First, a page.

ASHEBORO, N.C. – The old adage about not getting a second chance to make a first impression may apply to people, but not necessarily golf courses.
I first played the Mike Strantz-designed Tot Hill Farm Golf Club around 2003, not long after it opened in 2000. I had recalled seeing striking photos of golf holes strewn with rocks in magazines, and after having been energized about golf course design by Strantz’s two South Carolina public courses – Caledonia Golf & Fish Club and True Blue Golf Club, both in Pawleys Island – my father and I were excited to see Strantz’s expression in a setting with more terrain movement.
We enjoyed Tot Hill Farm’s kooky layout, but we both came away a little overwhelmed and a little beaten-down by the golf course. Those rocks in the photos were no joke; some of our errant shots darted off into oblivion a few times. Overall, the course fell a little bit short of our expectations.
I later stopped by Tot Hill Farm during college while passing through the area, just to see how the place was doing. In short: not well. There still was no formal clubhouse – just a decade-old double-wide. And the turf conditions seemed to be deteriorating. The bargain-basement green fees the place was charging were not going to help with the elevated maintenance costs Strantz’s artistic vision demanded.
Fast-forwarding to 2023, it’s as if Tot Hill Farm is a brand-new golf course again, thanks to one of the swiftest but most potent public course renovation/restoration projects of the decade. Under new owner Pat Barber, who also owns the Links at Stono Ferry and the Plantation Course at Edisto in South Carolina, Tot Hill Farm is finally realizing its potential.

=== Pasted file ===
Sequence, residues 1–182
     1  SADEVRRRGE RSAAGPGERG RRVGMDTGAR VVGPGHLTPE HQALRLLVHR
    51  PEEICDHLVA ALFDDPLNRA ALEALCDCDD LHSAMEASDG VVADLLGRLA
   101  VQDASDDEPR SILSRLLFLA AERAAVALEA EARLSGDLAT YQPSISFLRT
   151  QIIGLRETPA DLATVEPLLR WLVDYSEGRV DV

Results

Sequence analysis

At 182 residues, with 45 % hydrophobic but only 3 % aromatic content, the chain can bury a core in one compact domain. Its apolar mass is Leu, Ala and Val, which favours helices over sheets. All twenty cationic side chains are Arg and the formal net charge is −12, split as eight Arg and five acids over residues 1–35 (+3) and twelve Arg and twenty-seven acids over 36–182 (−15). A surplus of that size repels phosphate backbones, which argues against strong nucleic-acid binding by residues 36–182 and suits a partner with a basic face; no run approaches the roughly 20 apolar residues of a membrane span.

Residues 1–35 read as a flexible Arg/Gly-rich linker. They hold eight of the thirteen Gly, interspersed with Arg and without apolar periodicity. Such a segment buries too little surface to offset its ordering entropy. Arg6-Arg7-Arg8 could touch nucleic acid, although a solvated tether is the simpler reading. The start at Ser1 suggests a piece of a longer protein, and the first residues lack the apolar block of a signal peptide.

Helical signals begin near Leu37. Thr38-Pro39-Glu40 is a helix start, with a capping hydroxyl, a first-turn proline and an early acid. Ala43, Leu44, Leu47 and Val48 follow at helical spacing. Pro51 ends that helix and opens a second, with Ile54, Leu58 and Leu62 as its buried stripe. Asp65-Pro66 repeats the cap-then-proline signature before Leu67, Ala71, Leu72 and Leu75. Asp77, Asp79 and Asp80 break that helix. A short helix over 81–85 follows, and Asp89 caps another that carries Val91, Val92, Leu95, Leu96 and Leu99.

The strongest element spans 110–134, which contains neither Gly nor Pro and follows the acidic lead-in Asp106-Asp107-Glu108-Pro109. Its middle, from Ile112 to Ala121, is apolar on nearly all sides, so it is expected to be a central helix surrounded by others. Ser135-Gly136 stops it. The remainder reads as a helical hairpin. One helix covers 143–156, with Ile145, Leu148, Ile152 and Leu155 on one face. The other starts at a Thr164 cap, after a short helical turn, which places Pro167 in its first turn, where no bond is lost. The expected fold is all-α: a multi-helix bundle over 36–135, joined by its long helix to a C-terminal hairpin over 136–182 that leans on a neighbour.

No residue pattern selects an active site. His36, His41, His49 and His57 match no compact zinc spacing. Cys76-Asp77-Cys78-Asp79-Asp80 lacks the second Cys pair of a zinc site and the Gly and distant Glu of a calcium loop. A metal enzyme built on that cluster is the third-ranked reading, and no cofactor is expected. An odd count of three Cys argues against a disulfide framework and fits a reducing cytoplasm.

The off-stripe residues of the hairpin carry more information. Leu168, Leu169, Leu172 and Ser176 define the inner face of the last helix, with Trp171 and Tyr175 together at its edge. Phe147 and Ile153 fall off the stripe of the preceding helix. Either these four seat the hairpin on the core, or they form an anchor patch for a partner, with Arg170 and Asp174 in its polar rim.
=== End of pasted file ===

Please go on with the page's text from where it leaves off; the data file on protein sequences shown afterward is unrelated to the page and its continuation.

The restoration happened over the course of a single summer; Tot Hill Farm closed after play on May 15 and reopened on Labor Day. The mission was twofold: restore the golf course to Strantz’s vision and make it sustainably maintainable for future generations. On the former front, Barber and golf operations manager Greg Wood worked with Dail Agronomic Services to restore Strantz's bunkers, green edges and other mowing lines. On the latter, crews felled more than 1,500 trees across the property, allowing every hole to breathe better than ever before while feeling at home in its own large corridor.
The tree removal has brought a level of drama to Tot Hill Farm that the course never had in its previous iteration. Holes like the downhill par-5 5th, which plunges downhill to the edge of the Uwharrie National Forest, are utterly transformed by the restoration. Any claustrophobia golfers might have felt before has fallen away, and the added sunlight will do wonders for the long-term health of the greens.
Speaking of those putting surfaces, management made the decision to change their grass, from the original bent variety to a relatively new breed of zoysia grass called Prizm, grown in Texas. Tot Hill Farm became just the second course anywhere to use the grass on its greens (others have since signed up), but its shade- and weather-tolerance will be key to keeping the course in consistently excellent shape. With Prizm used for collars and run-up areas on several holes, there should be little if any green shrinkage for the foreseeable future. Zoysia does have a bit of a bedding-in period, so the first year or so, green speeds will remain fairly mild while the grass tightens and bonds to the soil. But over time, the wild contours on and around Tot Hill Farm’s greens will help players steer short and long shots tantalizingly close to several hole locations.